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```On 5/11/12, Walter Bright <newshound2@digitalmars.com> wrote:
> If she wrote:
>     x + 3 = 5
> on the board and asked people to "solve for x", they would fail completely.

Well that's funny, here in europe we've learned to use 'x' since junior school so that's more intuitive for us. :)
```
```On 5/11/12 5:43 PM, Timon Gehr wrote:
> On 05/11/2012 10:29 PM, Jonathan M Davis wrote:
>> On Friday, May 11, 2012 21:02:46 Alex Rønne Petersen wrote:
>>> On 11-05-2012 20:34, Mehrdad wrote:
>>>> On Friday, 11 May 2012 at 18:25:17 UTC, Jonathan M Davis wrote:
>>>>>> Actually, that is a WAT even for somebody coming from C/C++.
>>>>>
>>>>> Really? That's pretty much exactly what I would have expected, and it
>>>>> would
>>>>> really suck if it returned a bool. It's like what you get with find on
>>>>> std::map, only it's a pointer instead of an iterator.
>>>>>
>>>>> - Jonathan M Davis
>>>>
>>>> Again, try to see it from the perspective of a Python user, not a
>>>> C++ user.
>>>
>>> Speaking of which, 'in' on arrays.........
>>>
>>> *hint hint*
>>
>> Except that it would break the generally expected algoritmic
>> complexity of in,
>> so it'll never happen ( O(n) for arrays, whereas the worst case that
>> would be
>> acceptable would be O(lg n) - e.g. what a binary tree could achieve).
>>
>> - Jonathan M Davis
>
> The main use case I see is replacing tedious
>
> if(foo == 'a' || foo == 'b' || foo == 'c' || foo == 'd') { ... }
>
> with
>
> if(foo in "abcd") { .... }
>
> And here the counter-argument cannot apply, because the operation is in
> O(1).

Yes, "in" for statically-sized arrays does make sense because the complexity if bound at compilation time.

Andrei
```
```On 5/12/12, H. S. Teoh <hsteoh@quickfur.ath.cx> wrote:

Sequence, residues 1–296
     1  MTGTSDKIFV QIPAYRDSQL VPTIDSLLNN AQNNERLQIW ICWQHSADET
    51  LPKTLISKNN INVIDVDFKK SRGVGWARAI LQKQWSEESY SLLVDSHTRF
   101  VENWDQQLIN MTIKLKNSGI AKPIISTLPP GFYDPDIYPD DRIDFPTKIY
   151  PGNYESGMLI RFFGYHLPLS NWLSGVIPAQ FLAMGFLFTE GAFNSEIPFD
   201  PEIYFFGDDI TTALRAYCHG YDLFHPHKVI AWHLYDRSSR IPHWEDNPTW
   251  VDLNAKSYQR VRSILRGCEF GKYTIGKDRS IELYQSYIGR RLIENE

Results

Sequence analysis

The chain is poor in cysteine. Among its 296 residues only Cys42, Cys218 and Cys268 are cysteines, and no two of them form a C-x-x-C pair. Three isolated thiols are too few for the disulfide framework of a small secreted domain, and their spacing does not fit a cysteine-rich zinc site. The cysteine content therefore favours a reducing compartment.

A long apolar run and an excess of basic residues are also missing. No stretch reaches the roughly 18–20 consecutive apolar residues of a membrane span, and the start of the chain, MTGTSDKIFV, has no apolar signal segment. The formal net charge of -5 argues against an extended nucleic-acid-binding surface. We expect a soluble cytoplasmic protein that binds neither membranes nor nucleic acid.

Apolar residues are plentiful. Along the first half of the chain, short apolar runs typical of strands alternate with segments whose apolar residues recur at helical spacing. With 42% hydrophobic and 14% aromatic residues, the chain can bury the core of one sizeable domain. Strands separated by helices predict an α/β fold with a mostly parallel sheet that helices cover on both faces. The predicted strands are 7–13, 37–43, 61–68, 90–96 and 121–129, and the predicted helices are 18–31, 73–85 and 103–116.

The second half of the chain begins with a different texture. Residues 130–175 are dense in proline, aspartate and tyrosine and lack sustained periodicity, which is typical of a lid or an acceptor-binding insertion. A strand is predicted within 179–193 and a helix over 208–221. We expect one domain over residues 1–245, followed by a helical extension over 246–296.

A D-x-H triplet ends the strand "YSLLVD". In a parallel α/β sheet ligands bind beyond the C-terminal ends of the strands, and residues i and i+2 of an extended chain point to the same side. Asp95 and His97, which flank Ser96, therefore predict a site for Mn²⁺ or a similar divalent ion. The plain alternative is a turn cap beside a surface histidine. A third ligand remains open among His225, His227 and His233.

> I always use this idiom:
>
> 	if ("abcd".canFind(foo)) { ... }
>

As do I. Generally when I end up repeating myself all the time I write a helper function.. or if it's something more complicated than that - a template.

Anyway hasn't this thread gone completely off tracks? Maybe Carlos (pspemu author) should try and elaborate exactly which issues he's faced, if he's reading this thread. You can't improve language/tools unless you know what's wrong with them. More real-world feedback about D would be great methinks.
```
```On 12/05/12 01:01, Andrej Mitrovic wrote:
> Well that's funny, here in europe we've learned to use 'x' since
> junior school so that's more intuitive for us. :)

Dangerous to speak for a whole group, I've met plenty of Europeans terrified of mathematical notation.

Some people -- maybe even most people -- automatically freeze up when confronted with a notation that they associate with difficult stuff, or stuff that was too hard (or humiliating) for them at some point in the past.  Maths-phobia is very common in a lot of people who are able to solve the exact same problems if they're not presented in "maths-y" clothing.  By contrast look at how some mathematically gifted people freeze up in social situations!

I saw a violin-playing friend in school freeze up once when she was asked to sightread a short piece with chords in it.  She was adamant that she wasn't skilled enough to play chords properly.  Yet a few seconds' calm examination of the notes on the page would have revealed that all she had to do was draw the bow across a pair of open strings, which is something that just about every violinist, even a beginner, does every day without even thinking about it.  She couldn't see it, because "Oh my God!! Chords!!" got in the way of even trying to consider the problem.
```
```On 5/11/2012 1:20 PM, Jonathan M Davis wrote:
> That's definitely an example of something that depends on your background.
> std.algorithm.any does _exactly_ what it would do in a functional language.
> How intuitive an API is depends a lot on how much the person writing the API
> thinks like you.

That is amusing. I've been writing a bunch of range/algorithm code myself lately, and I find it's a struggle because it is simply not how I think about code. I think in terms of C style loops, and solutions just pop out of my fingers on the keyboard. With ranges, I have to forcibly think in a different way, it's a lot like transitioning from walking to using a snowboard.
```
```On 5/11/2012 12:02 PM, Mehrdad wrote:
> On Friday, 11 May 2012 at 18:53:57 UTC, H. S. Teoh wrote:
>> On Fri, May 11, 2012 at 08:38:41PM +0200, Mehrdad wrote:
>>> template hasMember(T, string name)
>>> { enum hasMember = __traits(hasMember, T, name); }
> [...]
> It's more like, I can imagine someone asking these:
>
> 1. Why the heck do I see "hasMember" twice?
> 2. What does this have to do with enums?
> 3. Where is anything getting "returned"???